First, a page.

Thursday, June 21, 2012

Community Bands Give Much to the Public--and the Musicians, too

Castro Valley Center for the Arts - a fine community venue
I had the pleasure last night of hearing a performance by the Castro Valley Adult and Career Education Community Band. It was just a bit over an hour of rousing, happy music from a variety of sources. From the National Anthem (we all stood) at the beginning to Gershwin's American in Paris (a band version), to a medley of music from the band Chicago, it kept going and seemed to move the 300 to 400 in attendance.

Community bands and chamber orchestras are fascinating in their purpose and in their contribution. Members, who are mostly over 55, are nearly always not professionals, or even former pros, but are people who perhaps took up an instrument as early as grade school and then, if they were lucky, kept playing their whole life. Some have taken a long break, resuming after years--or even decades--and are finding pleasure in renewing their commitment. Some, like me, are late bloomers. I began my instrument, the upright bass, at 51.

Although many ensemble members are along in years, but there is nothing missing in these folks' musicality or endurance.Gordan Pappas, who arranged five of the selections the band played last night, had a long career in music education locally and elsewhere. He is a youthful 89. The fine trumpet soloist, Harry Hanover, is 85. He showed off his excellent tone and cascades of notes in one of Mr. Pappas' arrangements of themes from Mozart's Die Fledermaus.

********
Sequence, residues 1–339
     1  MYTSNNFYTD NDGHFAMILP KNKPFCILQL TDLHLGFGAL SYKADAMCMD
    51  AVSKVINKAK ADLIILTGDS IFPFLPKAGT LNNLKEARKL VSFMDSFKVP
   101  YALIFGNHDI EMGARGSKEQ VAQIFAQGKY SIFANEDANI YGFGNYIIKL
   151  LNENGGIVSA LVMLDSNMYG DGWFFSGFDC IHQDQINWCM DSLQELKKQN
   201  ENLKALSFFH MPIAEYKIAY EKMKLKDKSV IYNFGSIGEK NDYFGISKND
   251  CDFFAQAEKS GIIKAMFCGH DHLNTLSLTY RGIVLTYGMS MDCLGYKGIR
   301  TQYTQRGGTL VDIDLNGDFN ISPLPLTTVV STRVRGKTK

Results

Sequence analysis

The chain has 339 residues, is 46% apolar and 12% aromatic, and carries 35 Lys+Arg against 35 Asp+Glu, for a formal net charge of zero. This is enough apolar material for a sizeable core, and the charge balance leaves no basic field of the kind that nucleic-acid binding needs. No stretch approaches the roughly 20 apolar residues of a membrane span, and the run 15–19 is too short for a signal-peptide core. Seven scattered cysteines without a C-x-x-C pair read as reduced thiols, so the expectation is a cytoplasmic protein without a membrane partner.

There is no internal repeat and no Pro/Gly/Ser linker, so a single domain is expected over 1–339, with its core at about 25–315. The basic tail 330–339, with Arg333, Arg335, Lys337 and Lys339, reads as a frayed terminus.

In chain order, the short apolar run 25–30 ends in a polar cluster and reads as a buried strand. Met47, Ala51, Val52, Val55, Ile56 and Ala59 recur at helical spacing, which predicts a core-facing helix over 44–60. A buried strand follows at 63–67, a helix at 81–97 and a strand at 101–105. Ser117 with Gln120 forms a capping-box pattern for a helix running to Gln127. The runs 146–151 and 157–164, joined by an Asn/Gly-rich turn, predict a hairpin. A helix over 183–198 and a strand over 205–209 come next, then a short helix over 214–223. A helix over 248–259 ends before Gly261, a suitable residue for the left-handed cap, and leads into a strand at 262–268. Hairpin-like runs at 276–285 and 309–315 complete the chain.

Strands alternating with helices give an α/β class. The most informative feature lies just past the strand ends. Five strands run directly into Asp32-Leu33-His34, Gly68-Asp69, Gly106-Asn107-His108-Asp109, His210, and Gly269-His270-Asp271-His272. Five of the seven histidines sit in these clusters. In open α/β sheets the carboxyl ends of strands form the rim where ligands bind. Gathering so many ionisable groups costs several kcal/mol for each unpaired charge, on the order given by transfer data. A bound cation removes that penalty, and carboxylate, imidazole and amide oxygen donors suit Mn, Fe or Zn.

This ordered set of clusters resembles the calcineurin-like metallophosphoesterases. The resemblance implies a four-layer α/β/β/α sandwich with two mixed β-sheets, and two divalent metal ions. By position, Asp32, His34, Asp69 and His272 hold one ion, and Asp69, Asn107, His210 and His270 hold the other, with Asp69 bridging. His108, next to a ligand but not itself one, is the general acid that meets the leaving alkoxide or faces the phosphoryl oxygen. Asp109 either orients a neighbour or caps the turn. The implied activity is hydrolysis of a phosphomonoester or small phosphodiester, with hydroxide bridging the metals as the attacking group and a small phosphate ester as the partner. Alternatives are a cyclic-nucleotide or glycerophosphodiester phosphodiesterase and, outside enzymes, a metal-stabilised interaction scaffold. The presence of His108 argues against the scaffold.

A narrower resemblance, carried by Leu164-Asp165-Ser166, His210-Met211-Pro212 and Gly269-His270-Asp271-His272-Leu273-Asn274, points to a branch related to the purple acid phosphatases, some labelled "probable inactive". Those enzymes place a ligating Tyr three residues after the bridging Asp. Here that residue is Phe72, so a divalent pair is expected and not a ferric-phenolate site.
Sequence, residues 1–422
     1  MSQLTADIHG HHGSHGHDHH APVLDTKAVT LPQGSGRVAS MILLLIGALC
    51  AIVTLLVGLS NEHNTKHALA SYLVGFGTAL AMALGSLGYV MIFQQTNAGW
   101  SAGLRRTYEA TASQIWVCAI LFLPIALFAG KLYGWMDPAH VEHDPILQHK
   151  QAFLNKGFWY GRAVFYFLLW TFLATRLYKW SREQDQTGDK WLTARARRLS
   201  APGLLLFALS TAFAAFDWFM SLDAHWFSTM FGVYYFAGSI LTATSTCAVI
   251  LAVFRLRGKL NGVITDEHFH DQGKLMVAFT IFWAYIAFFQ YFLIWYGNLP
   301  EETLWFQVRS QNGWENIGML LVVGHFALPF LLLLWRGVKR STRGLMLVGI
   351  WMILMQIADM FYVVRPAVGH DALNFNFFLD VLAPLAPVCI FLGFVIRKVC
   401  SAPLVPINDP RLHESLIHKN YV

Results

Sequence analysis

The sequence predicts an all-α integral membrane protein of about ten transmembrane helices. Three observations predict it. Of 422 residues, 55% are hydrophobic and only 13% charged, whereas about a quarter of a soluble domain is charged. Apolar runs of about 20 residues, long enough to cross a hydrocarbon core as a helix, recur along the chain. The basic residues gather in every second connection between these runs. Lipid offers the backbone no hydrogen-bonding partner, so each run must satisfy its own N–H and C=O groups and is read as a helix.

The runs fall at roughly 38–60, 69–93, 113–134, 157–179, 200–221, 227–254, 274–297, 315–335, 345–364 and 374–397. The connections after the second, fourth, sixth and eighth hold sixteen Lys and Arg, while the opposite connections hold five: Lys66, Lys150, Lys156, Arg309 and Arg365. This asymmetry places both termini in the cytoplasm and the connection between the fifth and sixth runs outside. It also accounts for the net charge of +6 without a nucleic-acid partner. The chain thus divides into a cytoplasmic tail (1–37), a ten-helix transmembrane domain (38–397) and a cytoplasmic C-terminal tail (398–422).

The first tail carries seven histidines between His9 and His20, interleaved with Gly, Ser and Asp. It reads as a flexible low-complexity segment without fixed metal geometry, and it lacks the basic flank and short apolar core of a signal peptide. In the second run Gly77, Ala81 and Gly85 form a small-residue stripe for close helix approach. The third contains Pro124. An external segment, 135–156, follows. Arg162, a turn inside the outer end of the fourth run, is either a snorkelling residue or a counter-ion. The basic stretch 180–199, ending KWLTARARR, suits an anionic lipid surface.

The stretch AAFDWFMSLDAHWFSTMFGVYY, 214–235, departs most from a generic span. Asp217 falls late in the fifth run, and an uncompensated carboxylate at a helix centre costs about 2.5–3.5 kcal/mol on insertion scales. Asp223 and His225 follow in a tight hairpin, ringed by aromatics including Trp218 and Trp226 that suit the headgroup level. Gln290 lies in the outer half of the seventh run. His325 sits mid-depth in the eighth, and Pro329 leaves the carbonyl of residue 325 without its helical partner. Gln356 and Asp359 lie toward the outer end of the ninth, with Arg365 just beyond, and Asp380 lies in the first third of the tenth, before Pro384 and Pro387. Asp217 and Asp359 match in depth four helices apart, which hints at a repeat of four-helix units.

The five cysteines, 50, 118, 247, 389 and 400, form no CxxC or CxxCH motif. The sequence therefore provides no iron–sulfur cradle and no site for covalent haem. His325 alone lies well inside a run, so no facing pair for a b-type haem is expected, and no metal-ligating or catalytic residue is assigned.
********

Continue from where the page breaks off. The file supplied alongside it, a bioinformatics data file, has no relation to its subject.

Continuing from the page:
All the pieces had interest, but some were remarkable above that. Young Choi Ying Chiu stepped away from her percussion assignment to solo on the xylophone in Tico Tico. She ran through the challenging piece with her hands a blur while putting out a crowd-stirring performance. Kathy Catanho played a sensitive saxophone solo in What a Wonderful World (originally made famous by the voice of Louis Armstrong). During the Clarinet Polka, the entire clarinet section (and bass player) put on men's fedoras before they took on the up-tempo rendition.

I was impressed when the group took on the Chicago Medley. I tried to restrain myself from singing along to Searching (for an Answer), Color My World and Does Anybody Know What Time it Is?

An encore of  Stars ad Stripes Forever brought the crowd  back to where the show had started and was a well chosen finale.

Kathy Maier directed the nearly 50-person band with vigor and flair. For comic relief, Master of Ceremonies Mark Morelli read from the concert notes and made wisecracks about the conductor and at one point before Fledermaus, cracked a saxophonist joke.

Playing in organized musical groups like this not only please audiences but keeps the musicians young. The effort, discipline and mental stimulation surely make a big difference. Did I mention that this concert was free to the public? I would have paid to hear it.

Be sure to contact the Castro Valley Adult and Career Education office to learn the upcoming schedule for the Community Band and the Chamber Orchestra season, which begins in September. And-- if you once played and want to resume, the band (and orchestra) are always looking for more players.

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